Nadal, the top seed, was nearly perfect, making only eight unforced errors in beating Tommy Haas 6-4, 6-2, 6-2. The 22-year-old Spaniard is bidding to win his first Australian Open and prevent second-seeded Roger Federer from tying Pete Sampras' all-time record of 14 Grand Slam singles titles.
Nadal had his serve broken in the second game of the match, the first time he dropped serve in the tournament.
After losing a semifinal last year to unheralded Jo-Wilfried Tsonga of France, Nadal is wary of being overconfident.
"Perfect matches doesn't exist," he said, a touch dismissively, when asked if his game was beyond improvement as he dismantled Haas, a semifinalist here two years ago. "Always you can improve, no?"
Fourth-seeded Murray, meanwhile, ran off 11 straight games in another dominating performance, overwhelming Jurgen Melzer 7-5, 6-0, 6-3. Murray, seeking his first Grand Slam title, had only 10 unforced errors, including just two in the second set, and overcame a brief lapse toward the end.
"I'm sure one match in a Slam, if you want to go deep, maybe you're not playing your best tennis, you have to try and find a way through to win," said Murray, predicting a tougher challenge as the tournament enters its second week. "I hope it doesn't happen, but if it does, I need to be prepared to try and win a match when I'm not playing my best tennis."
The 21-year-old Scot next faces No. 14 Fernando Verdasco. Nadal will play Chile's Fernando Gonzalez, who came back from two sets down to beat Richard Gasquet of France, 3-6, 3-6, 7-6 (10), 6-2, 12-10 in a four-hour marathon.
Gonzalez, a 2007 finalist at Melbourne Park, saved a match point in the third set tiebreak before he fought back to win the match, in which the fifth set alone lasted 88 minutes.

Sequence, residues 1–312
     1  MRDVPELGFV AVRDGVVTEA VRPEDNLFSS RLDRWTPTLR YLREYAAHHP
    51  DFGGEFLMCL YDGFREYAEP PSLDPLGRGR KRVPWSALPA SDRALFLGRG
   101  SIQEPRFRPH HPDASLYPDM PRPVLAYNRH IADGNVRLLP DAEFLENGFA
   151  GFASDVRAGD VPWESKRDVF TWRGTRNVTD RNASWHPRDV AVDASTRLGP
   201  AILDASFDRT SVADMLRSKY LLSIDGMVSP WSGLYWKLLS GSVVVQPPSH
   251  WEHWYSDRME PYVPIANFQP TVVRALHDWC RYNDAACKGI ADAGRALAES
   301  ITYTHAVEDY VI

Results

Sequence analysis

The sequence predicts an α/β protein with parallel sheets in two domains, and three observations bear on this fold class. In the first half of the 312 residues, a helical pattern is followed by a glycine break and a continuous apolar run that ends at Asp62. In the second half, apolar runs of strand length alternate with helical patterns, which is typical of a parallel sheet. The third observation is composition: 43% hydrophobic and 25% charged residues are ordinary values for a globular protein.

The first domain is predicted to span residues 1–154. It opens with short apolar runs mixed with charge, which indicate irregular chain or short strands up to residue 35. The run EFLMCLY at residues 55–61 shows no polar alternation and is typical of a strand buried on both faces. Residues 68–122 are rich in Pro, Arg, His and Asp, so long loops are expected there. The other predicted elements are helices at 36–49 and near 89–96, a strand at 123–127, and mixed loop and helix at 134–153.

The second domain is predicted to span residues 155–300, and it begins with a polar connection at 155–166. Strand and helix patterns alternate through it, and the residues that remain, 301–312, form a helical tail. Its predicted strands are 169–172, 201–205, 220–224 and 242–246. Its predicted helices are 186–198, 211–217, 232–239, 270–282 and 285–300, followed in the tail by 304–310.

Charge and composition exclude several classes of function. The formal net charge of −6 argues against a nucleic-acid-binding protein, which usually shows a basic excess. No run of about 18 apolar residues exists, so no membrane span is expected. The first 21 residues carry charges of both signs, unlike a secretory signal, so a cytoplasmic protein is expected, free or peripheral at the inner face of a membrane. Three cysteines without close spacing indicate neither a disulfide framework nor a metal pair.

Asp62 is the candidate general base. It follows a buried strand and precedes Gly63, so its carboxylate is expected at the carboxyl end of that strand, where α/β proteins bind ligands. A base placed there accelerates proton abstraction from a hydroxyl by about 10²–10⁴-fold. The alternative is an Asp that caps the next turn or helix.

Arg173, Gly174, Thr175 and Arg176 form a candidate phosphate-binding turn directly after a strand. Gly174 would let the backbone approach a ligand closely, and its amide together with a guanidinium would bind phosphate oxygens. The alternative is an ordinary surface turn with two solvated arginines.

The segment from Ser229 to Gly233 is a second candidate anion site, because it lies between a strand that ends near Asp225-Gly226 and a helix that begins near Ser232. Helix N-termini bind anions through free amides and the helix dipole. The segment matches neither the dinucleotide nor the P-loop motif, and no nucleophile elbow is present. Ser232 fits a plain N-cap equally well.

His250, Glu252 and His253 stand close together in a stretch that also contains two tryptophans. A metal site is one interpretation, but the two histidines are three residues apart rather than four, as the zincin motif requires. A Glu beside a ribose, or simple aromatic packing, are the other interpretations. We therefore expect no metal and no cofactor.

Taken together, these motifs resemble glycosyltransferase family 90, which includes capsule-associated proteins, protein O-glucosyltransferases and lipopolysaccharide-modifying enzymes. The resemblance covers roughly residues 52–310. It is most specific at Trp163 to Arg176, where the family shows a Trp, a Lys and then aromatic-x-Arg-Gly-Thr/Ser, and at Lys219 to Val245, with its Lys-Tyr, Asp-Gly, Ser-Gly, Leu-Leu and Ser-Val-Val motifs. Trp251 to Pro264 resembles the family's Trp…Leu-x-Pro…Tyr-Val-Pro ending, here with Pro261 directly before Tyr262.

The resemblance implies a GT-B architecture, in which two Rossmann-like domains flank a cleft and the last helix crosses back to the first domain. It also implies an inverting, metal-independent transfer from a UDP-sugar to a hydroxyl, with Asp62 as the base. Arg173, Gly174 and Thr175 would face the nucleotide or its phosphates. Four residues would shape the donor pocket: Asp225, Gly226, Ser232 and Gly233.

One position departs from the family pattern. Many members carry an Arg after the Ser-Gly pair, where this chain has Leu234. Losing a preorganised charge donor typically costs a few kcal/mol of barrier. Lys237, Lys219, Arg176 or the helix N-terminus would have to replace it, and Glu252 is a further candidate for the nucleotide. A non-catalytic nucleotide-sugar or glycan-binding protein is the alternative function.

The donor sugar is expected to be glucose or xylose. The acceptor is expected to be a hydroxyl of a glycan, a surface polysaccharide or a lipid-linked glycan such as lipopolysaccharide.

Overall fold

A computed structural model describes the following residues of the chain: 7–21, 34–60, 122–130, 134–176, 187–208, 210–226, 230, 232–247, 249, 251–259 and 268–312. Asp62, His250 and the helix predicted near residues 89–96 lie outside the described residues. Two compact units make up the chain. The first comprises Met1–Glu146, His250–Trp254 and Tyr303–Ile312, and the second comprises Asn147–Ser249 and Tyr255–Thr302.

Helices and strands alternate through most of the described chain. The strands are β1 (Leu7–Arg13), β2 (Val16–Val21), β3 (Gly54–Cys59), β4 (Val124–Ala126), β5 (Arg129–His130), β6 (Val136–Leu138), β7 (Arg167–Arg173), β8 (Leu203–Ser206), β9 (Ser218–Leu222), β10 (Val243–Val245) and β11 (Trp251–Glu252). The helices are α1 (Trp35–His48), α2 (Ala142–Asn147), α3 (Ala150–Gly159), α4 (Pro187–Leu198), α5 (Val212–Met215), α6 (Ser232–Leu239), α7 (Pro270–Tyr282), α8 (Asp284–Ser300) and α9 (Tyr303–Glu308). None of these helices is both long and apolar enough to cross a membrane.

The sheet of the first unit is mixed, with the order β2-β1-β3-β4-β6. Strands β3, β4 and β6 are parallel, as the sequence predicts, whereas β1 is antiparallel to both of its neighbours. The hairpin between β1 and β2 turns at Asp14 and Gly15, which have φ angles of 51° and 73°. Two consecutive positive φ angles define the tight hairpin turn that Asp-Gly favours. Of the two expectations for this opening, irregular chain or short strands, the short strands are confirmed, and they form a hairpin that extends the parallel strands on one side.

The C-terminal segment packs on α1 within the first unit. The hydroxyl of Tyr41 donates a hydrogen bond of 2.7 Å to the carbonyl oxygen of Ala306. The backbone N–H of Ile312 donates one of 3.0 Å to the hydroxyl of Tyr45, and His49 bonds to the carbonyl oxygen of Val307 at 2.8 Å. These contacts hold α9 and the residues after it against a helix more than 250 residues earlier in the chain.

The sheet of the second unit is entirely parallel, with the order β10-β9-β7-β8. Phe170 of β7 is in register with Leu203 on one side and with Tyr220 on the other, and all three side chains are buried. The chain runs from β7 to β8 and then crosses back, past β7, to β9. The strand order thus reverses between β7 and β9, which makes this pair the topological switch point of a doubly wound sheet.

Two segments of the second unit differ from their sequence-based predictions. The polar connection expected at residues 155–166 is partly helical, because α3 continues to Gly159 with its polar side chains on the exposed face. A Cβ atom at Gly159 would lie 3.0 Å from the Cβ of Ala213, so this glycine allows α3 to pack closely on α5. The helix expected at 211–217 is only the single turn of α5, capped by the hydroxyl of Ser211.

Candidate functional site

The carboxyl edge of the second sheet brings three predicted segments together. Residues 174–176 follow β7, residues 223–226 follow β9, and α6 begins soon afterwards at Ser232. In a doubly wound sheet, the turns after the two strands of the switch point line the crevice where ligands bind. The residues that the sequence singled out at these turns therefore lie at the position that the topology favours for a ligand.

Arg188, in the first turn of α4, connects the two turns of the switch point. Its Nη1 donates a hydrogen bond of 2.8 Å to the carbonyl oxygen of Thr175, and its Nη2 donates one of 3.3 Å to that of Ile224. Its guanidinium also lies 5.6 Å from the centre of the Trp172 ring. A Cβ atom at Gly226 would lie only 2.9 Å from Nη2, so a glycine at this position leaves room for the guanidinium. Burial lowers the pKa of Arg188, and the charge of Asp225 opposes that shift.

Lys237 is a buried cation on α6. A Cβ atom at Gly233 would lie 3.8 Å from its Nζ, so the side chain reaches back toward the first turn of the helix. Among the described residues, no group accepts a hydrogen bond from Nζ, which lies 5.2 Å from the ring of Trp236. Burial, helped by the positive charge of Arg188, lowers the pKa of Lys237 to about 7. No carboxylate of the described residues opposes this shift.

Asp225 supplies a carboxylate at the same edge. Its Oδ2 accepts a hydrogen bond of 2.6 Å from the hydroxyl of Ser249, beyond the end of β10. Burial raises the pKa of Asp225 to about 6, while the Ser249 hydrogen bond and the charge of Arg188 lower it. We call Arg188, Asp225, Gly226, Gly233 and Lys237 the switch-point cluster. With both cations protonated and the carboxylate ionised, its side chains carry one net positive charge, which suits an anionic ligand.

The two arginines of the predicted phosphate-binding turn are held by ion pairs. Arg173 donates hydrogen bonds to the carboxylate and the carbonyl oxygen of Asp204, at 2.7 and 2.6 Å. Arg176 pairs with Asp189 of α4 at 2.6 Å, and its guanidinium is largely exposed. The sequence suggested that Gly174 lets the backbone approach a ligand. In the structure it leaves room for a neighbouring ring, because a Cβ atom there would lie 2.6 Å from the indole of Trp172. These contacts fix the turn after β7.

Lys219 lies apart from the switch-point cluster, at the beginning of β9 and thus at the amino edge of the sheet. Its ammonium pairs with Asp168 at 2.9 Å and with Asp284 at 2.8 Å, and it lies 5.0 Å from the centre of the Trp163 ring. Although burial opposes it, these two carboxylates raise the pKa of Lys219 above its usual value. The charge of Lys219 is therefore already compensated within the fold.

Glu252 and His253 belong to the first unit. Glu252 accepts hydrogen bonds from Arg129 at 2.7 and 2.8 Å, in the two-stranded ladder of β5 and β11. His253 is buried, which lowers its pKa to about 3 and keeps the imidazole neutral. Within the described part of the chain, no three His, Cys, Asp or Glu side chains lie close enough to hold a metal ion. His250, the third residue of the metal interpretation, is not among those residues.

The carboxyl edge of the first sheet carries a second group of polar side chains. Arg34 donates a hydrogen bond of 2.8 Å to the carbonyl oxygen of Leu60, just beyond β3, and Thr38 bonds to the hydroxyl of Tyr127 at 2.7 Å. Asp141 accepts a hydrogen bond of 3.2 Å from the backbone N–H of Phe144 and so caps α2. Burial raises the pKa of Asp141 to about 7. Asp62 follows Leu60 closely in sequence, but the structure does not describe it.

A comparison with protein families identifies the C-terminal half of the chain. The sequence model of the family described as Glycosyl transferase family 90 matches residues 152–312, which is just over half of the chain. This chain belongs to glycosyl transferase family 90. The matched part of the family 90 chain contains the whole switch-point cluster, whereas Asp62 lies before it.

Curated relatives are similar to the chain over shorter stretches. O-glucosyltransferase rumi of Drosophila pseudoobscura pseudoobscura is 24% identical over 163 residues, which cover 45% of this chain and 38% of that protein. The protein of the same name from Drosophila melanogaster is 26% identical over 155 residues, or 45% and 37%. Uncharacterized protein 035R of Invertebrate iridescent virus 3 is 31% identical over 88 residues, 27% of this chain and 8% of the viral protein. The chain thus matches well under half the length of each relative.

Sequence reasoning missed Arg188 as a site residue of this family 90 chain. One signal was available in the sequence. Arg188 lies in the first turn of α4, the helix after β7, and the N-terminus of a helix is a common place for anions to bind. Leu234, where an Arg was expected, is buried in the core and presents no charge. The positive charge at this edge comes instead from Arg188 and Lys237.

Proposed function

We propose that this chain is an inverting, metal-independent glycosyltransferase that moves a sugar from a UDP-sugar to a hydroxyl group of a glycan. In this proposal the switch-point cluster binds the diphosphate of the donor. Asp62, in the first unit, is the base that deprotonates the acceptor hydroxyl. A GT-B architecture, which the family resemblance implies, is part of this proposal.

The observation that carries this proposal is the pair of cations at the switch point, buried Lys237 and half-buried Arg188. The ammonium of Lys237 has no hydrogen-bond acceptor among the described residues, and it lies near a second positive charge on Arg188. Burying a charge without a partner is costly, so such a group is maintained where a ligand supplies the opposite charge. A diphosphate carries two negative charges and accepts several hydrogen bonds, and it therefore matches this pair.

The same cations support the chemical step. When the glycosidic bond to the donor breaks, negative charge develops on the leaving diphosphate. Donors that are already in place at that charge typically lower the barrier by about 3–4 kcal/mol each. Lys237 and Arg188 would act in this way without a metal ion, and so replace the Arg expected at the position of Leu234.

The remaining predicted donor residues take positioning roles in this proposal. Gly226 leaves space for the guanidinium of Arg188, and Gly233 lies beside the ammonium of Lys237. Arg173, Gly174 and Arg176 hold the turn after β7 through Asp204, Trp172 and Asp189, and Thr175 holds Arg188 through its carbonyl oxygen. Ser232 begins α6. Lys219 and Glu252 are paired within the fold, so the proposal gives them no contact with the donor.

Gonzalez was on the court two hours before Nadal, but their matches both finished around midnight.
"My body is still alive," Gonzalez said. "I have 48 hours, maybe a little bit less. But I want to enjoy this moment. I think I won a really tough match that I will remember for the rest of my life."
Ninth-seeded American James Blake also reached the fourth round on Saturday.
Blake beat No. 18 Igor Andreev of Russia 6-3, 6-2, 3-6, 6-1 to set up a clash with fifth-seeded Tsonga, one of three Frenchmen to make it through to the fourth round.
The crowd in Hisense Arena was definitely pro-Murray, with Scottish flags and tartan hats scattered about on a cool night.
Constantly confounded by Murray's blend of power, speed and spin, Melzer did get a huge ovation when he rallied from 15-40 to hold while down 3-0 in the third set to end Murray's streak of 11 games. He had double break point as Murray served in the next game, only to see the him rally.
Melzer broke as Murray served for the match at 5-1 and fended off double match point in the next game. But Murray easily held in the next, finishing it off with his eighth ace and getting one step closer to becoming the first British man to win a major since 1936.
Sometimes sprinting to his chair during changeovers, Murray has raced through his first three matches in a combined 4 hours and 15 minutes, thanks in part to a 45-minute effort in the first round match when Andrei Pavel retired with a bad back.
It has been 81 years since Jean Borotra provided France with its only Australian Open men's singles champion, but there is a real hope of a breakthrough this year.
"It's time for us," Simon said. "If it's not now, it's never."
Simon said all of the Frenchmen, who have been friends since they were children, got a real confidence boost out of seeing Tsonga reach the Australian Open final in 2008.
"We know that we are all very good players but there is not one better than the others," Simon said. "To see him reach the final, it was really, really good for us and for our confidence.
"Finally, we just saw that we were able to do it. That's why I think we had a great year last year."
Simon made the third round at three of the four Grand Slams last year but had never made it the fourth round of the majors until this year in Melbourne.
The good news for France is it is guaranteed at least one quarterfinalist this year, but the bad news is it's certain to lose one player after Simon and Monfils play each other in the next round.
"At the moment we've just played against players we know we can defeat," Simon said. "It was hard but we just did our job. The next ones will be the tough ones.
"I think every day maybe we can all lose, on the same day, but for the moment, we are still here."
Information from The Associated Press and Reuters was used in this report.